Douthitt seeks to be a ‘servant leader’ in district
Published 3:38 pm Tuesday, March 16, 2010
Darren Douthitt believes in having a plan in life and leading by example, qualities he wants to bring to the position of Butler County Schools Superintendent.
Douthitt, currently an assistant superintendent for Lee County Schools, shares his views and experiences during his interview with the Butler County BOE Saturday.
“I think you need to develop a plan, hire good people, train all district employees, set high expectations and enforce board policies,” Douthitt said during his opening PowerPoint presentation before the board.
He described himself as a “by-the-books” kind of person with a transformational leadership style.
“I see myself as a servant leader. I use my head, my hands, my heart to lead people,” Douthitt said.
Exemplary work ethic, sound judgment, unquestionable integrity, visibility in schools and community, excellent health, firm disciplinarian, perpetual learner, immeasurable passion, consensus builder and impeccable communication skills: these are the traits Douthitt promised to bring to the table if chosen as the county’s new superintendent.
“I would see myself as the head cheerleader . . . and be responsive to the board and stakeholders 24/7,” he said.
Douthitt said he believed in full transparency in terms of sharing information about the system with the community and hopes to establish a close working relationship with the board.
“I want to know your kids, your grand kids, where you live and I want you to know my family . . . it’s sort of like a courtship. I’ll visit you, come to your church, take advantage of opportunities to get to know each other. That way we can better help move our kids to where we want them to be,” Douthitt said.
He said community support would be vital in the educational process.
“You know, Mayor McLendon said he would be willing for his property taxes to be doubled in order to help Butler County schools. I would hope everyone would be as willing to do that, but it was refreshing to hear a mayor say it,” Douthitt said.
“I will actively seek out support for our schools in the community, whether it’s to provide supplies for our teachers or shoes for a child in need. We all have to be willing to collaborate.”
Douthitt said a positive relationship with the media was very important.
“The media can make you or break you. Some boards try to hide things and that is wrong. I’ll be the first to call them. You have to establish mutual trust,” he said.
He said the system has to be willing to help its children overcome obstacles.
“When I was in Birmingham, I had students who had never been outside their neighborhoods. I made it a regular thing to take them beyond those barriers. To this day, I will pull money out of my pocket to help a student,” Douthitt, raised with nine siblings by his widowed father, said. “When you grew up unable to do things, you want to help others.”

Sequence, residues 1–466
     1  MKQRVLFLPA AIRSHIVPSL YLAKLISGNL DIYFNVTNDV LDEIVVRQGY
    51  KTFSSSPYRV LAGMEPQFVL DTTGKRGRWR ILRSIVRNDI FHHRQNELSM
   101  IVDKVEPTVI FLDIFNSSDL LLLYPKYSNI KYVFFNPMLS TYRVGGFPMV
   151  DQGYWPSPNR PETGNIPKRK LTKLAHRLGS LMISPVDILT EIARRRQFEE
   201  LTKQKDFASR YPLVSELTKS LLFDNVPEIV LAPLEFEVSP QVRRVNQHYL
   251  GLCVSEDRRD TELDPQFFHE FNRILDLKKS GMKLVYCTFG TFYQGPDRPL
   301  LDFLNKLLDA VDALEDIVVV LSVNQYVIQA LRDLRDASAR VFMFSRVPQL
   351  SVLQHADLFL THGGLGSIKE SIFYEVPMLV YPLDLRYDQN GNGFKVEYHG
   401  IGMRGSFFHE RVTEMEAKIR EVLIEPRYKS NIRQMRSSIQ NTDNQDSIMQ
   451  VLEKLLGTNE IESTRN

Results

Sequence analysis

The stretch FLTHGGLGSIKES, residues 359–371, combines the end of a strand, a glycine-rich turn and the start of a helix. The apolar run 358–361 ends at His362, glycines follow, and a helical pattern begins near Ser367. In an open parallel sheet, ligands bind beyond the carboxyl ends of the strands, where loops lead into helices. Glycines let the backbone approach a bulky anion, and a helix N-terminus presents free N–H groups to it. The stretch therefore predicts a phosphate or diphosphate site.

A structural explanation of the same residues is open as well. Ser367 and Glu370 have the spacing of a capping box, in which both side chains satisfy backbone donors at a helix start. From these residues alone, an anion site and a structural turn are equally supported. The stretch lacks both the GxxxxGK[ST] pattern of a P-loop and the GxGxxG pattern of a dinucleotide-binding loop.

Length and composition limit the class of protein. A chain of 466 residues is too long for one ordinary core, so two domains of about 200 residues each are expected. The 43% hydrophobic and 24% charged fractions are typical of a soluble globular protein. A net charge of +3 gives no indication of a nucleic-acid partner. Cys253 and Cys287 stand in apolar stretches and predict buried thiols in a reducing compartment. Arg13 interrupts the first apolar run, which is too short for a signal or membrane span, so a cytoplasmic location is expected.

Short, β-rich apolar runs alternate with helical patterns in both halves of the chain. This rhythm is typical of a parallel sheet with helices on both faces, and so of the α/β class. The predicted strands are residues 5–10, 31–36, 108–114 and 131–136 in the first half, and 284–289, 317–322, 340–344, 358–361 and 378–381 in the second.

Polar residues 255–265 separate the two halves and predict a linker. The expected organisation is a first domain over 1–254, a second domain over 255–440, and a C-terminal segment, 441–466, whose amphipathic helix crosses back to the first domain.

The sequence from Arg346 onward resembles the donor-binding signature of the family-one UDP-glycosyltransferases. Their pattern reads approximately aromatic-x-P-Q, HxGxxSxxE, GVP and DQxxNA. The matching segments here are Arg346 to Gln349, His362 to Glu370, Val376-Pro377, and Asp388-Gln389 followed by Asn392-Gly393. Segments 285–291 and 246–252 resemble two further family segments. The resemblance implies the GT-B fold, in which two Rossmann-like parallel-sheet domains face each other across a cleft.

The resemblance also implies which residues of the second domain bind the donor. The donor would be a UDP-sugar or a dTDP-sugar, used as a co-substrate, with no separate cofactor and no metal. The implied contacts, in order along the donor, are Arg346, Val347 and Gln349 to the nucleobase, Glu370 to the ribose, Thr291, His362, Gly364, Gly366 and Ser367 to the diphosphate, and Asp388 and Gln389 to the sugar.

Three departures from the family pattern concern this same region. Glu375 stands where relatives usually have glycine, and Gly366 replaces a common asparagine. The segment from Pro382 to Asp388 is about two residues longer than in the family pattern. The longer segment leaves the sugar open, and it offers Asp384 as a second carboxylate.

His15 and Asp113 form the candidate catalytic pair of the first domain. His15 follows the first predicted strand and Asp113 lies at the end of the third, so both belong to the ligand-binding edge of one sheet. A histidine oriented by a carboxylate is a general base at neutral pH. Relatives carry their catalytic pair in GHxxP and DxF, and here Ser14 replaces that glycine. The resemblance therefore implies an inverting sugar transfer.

According to Douthitt, professional development courses should be in place to help all district employees right down to the custodian. “Everyone deserves training,” he said.
The candidate said he had already started gathering data on the system and looking for solutions for the district’s needs.
I will inspect what I expect . . .visit the schools, talk to the students, they will tell you some things. We also use a lot of technology in Lee County to provide us with updated knowledge and feedback,” he said.
Douthitt anticipates the recession and proration could create a hiatus on technological innovation in schools.
“And I hate that, because I believe technology puts us on the cutting edge in the classroom. Learners really need this. So we’ll have to find grants, look for innovative ideas and find other ways to keep technology in our schools,” Douthitt said.
“It’s vital to maintain interest in the classrooms. And we have a lot of new teachers who have this technological know-how to put to use.”
Douthitt sees himself as firm, fair and consistent in terms of discipline.
“Discipline should also be swift. A child misbehaves today, discipline them today,” he said.
“Either we can handle them within the district, or they are going to get handled in jail, and that bothers me. However, if a child continues to be a problem in the school, they cannot stay. They are interfering with the right of another child to learn.”
As a student, sports “helped me want to go to school and stay in school,” Douthitt said. “And I definitely didn’t want to get in trouble. So sports are important . . . but if we have to cheat to play, to win – that’s wrong.”
In terms of budget and finance, he said it’s important to get input from the smartest minds and methodically work through all the minutia.
“You must have budgeting priorities and analyze all expenses. If you don’t want someone who is willing to do the right thing for the district and make bold decisions – including possible consolidations and reconfiguring – then leave me in Lee County,” Douthitt said.
He said schools should be welcoming and courteous to the community, and strives to set an example in his own conduct.
“I will sit down and talk with people, establish a rapport. I do not meet a stranger,” Douthitt said.
“I will work hard as superintendent – it’s about progress, the children, the community.”